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With her new release, the magnificent Concert In The Garden , composer-arranger Maria Schneider has taken very real artistic and commercial risks. She has produced the CD herself, and has authorized a limited release, available only from her website. She has taken complete artistic and financial control of her music, with all the uncertainties inherent therein.
The music is certainly ambitious. The pieces are lengthy, and they flow effortlessly from one to the next, as if the entire album were one piece. Much of the music is through-composed, and the solos grow organically from the compositions, and always serve the music. The compositions integrate rhythms and forms from Spain and Brazil, reflecting Schneider's interest in the music and dance of these countries, and master drummer Clarence Penn effectively juggles all the complexities with sensitivity and swing. His sensitive brushwork (the late Mel Lewis called playing with brushes "the lost art") on "Danca Ilusoria" is especially noteworthy.
Everything works on this album. Schneider's compositions are pure beauty, with lines and motives opening up like flowers, supported by a dazzling variety of rhythms and tempi. Her voicings are unique in jazz, although the benign influence of Gil Evans and Bob Brookmeyer is subtly felt. These voicings include a literal voice, that of Luciana Souza, whose wordless syllables sound so wonderful alongside Gary Versace's accordion on the title piece.
The solos are all splendid. They are heartful, nuanced, imaginative, and appropriate to the music. In particular, Rich Perry's tenor turn on "Choro Dancado" and Ingrid Jensen's flugelhorn work on "Pas De Deus" are especially good. Jensen performs a soulful, intricate dance with Charles Pillow's soprano sax that reaffirms her stature as one of today's greatest jazz trumpeters. Concert In The Garden is an epic achievement, full of great music, lyricism, and life-affirming joy. It is a masterpiece.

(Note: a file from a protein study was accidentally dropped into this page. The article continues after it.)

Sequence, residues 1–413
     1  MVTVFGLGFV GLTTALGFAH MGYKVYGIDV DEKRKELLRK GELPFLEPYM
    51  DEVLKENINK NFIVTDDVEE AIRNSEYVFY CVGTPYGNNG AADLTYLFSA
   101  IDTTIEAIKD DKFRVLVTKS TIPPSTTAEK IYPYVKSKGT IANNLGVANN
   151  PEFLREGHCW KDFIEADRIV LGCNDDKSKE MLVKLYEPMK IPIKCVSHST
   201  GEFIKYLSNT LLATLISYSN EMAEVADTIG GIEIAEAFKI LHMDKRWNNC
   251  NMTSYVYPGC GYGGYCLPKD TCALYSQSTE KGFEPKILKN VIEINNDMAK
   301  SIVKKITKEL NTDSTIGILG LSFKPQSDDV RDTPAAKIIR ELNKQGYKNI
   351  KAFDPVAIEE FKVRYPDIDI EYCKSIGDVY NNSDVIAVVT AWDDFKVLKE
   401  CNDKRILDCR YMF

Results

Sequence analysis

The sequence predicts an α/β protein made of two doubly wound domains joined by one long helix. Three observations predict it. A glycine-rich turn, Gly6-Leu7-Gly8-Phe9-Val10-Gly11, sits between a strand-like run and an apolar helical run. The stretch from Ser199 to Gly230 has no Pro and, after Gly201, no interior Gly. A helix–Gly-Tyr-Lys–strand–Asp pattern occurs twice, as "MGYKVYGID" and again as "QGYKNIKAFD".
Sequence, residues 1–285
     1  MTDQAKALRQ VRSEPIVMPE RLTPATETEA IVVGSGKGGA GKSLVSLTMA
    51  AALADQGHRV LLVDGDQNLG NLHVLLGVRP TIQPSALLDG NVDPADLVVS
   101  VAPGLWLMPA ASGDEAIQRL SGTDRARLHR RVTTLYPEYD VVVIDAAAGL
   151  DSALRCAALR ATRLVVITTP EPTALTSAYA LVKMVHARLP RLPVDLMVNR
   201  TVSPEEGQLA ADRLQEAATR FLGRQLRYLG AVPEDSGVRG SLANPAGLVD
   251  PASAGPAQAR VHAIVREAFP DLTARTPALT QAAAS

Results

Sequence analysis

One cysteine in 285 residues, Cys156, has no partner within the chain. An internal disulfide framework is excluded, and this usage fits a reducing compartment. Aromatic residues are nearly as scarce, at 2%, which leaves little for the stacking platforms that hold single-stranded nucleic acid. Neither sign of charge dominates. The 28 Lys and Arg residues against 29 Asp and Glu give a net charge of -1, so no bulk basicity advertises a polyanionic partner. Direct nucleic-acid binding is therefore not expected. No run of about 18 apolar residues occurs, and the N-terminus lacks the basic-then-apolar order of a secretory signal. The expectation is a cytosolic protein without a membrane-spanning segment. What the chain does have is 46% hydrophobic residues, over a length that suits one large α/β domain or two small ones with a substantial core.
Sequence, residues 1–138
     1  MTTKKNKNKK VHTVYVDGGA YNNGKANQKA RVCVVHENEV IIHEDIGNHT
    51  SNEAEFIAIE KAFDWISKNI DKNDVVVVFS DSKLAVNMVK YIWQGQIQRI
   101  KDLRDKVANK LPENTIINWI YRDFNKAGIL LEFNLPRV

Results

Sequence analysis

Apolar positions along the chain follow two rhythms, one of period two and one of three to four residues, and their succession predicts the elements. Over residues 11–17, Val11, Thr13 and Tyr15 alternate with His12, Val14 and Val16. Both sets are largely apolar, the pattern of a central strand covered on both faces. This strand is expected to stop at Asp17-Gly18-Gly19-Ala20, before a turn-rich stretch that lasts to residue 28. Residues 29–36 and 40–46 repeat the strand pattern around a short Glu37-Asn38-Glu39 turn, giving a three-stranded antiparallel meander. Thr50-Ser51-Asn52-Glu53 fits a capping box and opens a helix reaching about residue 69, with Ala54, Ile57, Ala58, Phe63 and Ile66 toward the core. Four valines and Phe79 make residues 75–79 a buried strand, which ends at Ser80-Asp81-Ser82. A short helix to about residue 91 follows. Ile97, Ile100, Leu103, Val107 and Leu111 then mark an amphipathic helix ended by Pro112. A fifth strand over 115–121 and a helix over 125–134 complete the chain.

Track Listing: Concert In The Garden; Three Romances: part 1 Choro Dancado, part 2 Pas De Deux, part 3 Danca Ilusoria; Buleria, Solea Y Rumba.
Personnel: Maria Schneider, composer, arranger, conductor; Tim Ries, Charles Pillow, Rich Perry, Donny McCaslin, Scott Robinson, saxophones, clarinets, flutes; Tony Kadleck, Greg Gisbert, Laurie Frink, Ingrid Jensen, trumpets, flugelhorns; Keith O'Quinn, Rock Ciccarone, Larry Farrell, trombones; George Flynn, bass trombone, contrabass trombone; Ben Monder, guitar; Frank Kimbrough, piano; Jay Anderson, bass; Clarence Penn, drums. Jeff Ballard, cajon and quinto cajon (track 5 only); Gonzalo Grau, cajon (track 5 only); Gary Versace, accordion (track 1 only); Luciana Souza, voice (tracks 1, 5), voice and Pandeiro (track 2); Pete McGuinness, trombone (tracks 3, 4); Andy Middleton, tenor sax (tracks 3, 4).
I love jazz because anything is possible; it has few rules and the best jazz breaks those ones. I prefer free improv because it doesn't really have any rules at all.
I was first exposed to jazz in my teens (in the late sixties).
The first jazz record I bought was Filles de Kilimanjaro by Miles Davis, shortly followed by Extrapolation by John McLaughlin.
My advice to new listeners is to listen as widely as possible and not to make snap judgments--stick with it.